If there is any merit beyond what now appears in petitioner's claim to a right to seek review by the Supreme Court of Pennsylvania the complaint should be heard by the State courts.
3. A careful examination of the papers discloses the possibility that petitioner may perhaps be claiming the deprivation of a constitutional right which he has not expressly stated. He concedes that he waived the right to counsel on his own behalf and his complaint is that the trial court failed to appoint an amicus curiae. In his petition
he states: 'Defendant elected to defend himself in the staunch belief that his innocence was Profound and his position unwaiving. Petitioner felt that this belief in his innocence was so overpowering, that only he was capable of presenting his case in a manner that would justify his innocence.'
Nevertheless, in a number of instances petitioner refers to his right to counsel in his 'appeal by right'. It may be inferred from the context that he refers to his motion for new trial. The opinion of the trial judge states that when the verdict was returned the defendant stated that he did not wish to seek a new trial; that when it became apparent that defendant had not entirely abandoned the thought of appealing the trial judge explained the practical necessity of filing a post-trial motion and suggested that he confer with the Public Defender's staff. For this purpose the trial judge entered an order enlarging from the usual four to seven days the time in which defendant might file a motion for new trial. Fourteen days later, no motion having been filed, defendant was brought up for sentence, and then belatedly sought to file a motion for new trial. Permission to do so was granted nunc pro tunc and a written motion was subsequently filed which the trial judge states was obviously prepared with the assistance of counsel. Approximately one month later defendant wrote to the trial judge withdrawing his motion for new trial and requesting that he be brought up for sentence. The defendant thereafter in open court executed a formal withdrawal of his motion for new trial and then was duly sentenced.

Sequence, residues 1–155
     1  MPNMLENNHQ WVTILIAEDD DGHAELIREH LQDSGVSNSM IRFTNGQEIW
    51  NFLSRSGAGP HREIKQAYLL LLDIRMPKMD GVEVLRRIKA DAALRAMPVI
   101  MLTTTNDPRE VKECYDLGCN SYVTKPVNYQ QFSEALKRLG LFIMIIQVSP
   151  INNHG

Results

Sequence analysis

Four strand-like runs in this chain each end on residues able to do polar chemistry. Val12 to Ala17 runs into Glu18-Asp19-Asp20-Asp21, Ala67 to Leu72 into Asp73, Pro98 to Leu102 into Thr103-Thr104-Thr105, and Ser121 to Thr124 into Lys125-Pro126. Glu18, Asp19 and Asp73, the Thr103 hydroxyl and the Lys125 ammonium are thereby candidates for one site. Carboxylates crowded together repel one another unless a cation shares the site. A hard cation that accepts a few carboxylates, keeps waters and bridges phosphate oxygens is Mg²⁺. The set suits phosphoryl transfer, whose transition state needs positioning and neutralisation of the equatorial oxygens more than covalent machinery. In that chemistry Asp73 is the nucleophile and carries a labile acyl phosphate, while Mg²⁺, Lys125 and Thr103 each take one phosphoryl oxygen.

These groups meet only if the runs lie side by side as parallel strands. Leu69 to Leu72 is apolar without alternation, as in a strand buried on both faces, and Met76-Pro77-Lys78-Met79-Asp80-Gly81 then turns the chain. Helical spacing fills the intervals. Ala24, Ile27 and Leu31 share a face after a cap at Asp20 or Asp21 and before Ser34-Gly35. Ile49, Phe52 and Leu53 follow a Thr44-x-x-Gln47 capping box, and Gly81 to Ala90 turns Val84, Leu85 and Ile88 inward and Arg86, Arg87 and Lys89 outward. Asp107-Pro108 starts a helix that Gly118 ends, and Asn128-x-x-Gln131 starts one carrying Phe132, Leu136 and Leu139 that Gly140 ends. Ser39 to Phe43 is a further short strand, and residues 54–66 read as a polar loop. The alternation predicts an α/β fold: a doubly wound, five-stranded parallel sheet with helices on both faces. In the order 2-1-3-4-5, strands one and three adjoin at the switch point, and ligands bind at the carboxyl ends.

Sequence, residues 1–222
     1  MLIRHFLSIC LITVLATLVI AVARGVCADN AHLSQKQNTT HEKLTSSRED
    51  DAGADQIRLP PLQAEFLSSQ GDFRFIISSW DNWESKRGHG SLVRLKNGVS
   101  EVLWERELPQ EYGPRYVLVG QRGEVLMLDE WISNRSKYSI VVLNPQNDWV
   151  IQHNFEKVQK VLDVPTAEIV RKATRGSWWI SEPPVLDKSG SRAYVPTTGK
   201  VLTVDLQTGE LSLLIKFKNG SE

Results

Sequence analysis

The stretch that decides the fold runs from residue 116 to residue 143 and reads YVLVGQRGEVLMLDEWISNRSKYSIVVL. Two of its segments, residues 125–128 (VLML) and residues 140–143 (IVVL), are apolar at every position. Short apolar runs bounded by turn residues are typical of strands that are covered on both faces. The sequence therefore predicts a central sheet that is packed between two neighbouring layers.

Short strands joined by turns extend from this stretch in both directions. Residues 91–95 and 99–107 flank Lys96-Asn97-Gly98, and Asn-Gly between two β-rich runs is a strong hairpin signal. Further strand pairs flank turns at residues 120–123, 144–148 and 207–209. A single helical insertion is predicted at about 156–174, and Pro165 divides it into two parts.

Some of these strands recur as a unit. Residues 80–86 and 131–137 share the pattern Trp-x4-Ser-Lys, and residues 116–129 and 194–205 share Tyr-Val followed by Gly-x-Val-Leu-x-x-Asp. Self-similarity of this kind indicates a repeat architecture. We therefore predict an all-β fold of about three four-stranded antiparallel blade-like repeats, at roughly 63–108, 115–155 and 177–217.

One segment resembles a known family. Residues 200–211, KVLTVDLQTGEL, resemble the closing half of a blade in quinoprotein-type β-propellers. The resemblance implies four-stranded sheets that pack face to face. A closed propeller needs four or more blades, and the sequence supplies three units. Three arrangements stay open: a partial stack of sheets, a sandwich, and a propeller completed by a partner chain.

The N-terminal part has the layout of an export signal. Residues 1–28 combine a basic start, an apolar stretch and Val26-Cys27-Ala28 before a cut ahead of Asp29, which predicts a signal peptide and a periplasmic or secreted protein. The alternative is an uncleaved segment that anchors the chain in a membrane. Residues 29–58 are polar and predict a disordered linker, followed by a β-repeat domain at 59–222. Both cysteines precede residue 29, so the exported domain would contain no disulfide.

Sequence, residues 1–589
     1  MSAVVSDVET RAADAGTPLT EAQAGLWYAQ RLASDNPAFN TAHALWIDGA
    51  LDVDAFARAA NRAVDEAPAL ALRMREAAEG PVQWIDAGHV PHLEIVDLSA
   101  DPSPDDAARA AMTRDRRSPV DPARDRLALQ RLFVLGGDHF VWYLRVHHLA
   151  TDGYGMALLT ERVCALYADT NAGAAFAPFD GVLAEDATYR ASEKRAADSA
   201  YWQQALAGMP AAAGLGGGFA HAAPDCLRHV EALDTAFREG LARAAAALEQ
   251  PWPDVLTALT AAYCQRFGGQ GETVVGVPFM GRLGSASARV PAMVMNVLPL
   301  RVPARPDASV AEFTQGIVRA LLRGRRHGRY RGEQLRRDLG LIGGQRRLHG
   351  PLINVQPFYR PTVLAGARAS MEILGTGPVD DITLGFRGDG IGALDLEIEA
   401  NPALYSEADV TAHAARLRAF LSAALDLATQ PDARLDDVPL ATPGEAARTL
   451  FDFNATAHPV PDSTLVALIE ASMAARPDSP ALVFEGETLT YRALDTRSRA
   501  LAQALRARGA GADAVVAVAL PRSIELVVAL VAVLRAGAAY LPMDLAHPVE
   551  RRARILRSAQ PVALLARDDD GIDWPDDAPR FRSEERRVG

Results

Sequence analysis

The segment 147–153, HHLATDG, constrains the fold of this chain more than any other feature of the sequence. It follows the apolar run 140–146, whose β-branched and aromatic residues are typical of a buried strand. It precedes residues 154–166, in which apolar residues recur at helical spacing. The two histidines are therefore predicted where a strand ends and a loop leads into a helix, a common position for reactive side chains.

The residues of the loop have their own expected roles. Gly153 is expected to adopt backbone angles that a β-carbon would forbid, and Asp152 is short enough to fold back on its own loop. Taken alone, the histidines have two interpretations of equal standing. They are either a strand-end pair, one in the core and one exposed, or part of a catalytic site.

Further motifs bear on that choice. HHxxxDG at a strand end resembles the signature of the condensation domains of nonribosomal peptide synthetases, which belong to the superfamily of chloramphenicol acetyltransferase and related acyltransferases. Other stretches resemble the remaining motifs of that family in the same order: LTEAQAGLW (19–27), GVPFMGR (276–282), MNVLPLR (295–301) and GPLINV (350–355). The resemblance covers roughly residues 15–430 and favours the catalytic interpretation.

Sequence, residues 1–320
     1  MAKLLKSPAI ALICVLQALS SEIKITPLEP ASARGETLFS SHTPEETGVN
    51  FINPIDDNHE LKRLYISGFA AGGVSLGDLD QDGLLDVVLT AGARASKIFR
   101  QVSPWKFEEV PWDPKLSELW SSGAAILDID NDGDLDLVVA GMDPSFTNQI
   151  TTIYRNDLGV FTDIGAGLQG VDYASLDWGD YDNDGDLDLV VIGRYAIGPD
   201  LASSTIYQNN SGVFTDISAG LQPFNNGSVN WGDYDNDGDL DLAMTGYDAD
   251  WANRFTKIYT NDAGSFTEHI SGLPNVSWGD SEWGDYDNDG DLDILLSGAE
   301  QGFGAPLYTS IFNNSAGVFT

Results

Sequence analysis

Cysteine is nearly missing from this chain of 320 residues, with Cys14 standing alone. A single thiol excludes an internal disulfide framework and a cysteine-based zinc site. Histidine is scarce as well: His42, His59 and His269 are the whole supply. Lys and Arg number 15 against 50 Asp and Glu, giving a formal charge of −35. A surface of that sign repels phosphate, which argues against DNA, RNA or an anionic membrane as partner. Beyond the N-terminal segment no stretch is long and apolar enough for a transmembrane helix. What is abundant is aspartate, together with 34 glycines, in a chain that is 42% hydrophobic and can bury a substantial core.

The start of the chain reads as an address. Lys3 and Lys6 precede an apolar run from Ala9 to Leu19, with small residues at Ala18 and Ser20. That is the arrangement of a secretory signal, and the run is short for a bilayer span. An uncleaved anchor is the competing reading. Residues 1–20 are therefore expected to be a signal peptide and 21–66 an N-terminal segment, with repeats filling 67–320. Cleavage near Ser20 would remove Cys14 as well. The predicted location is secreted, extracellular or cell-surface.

The petitioner has not disputed these facts set out in the trial judge's opinion attached to the District Attorney's answer, although he filed what is in effect a reply to that answer.
A motion for new trial is so intimately a part of the trial proceeding itself, standing as it does at the trial court level, that if an indigent defendant is entitled to counsel both at the trial and in the prosecution of an appeal, at least the first appeal, it is difficult to see why he is not entitled to counsel at the intermediate point of a motion for new trial. But the intimate relationship between the trial and post-trial motions in the trial court makes the knowing and intelligent refusal of the assistance of counsel at the trial carry with it the waiver of counsel for any post-trial motions, especially in the absence of any fresh demand by the defendant.
We therefore will deny the petition for habeas corpus. In doing so, however, we shall not foreclose the petitioner's right to resort to the State courts if there are any facts which would justify his application there with regard to his failure to receive notice of the decision of the Superior Court and the absence of counsel on his motion for new trial. The circumstances surrounding these aspects of the case call peculiarly for their consideration in the first instance by the tribunal in which they occurred. All the facts are lodged in the records of the State courts and the details of what happened both at the trial level and in the Superior Court proceeding could most conveniently be examined there. Comity and practical considerations alike require that any inquiry into these circumstances on habeas corpus should be sought and exhausted initially in the State Courts.
And now, July 3, 1963, the petition of Rudolph E. Boyance for a writ of habeas corpus is denied without prejudice.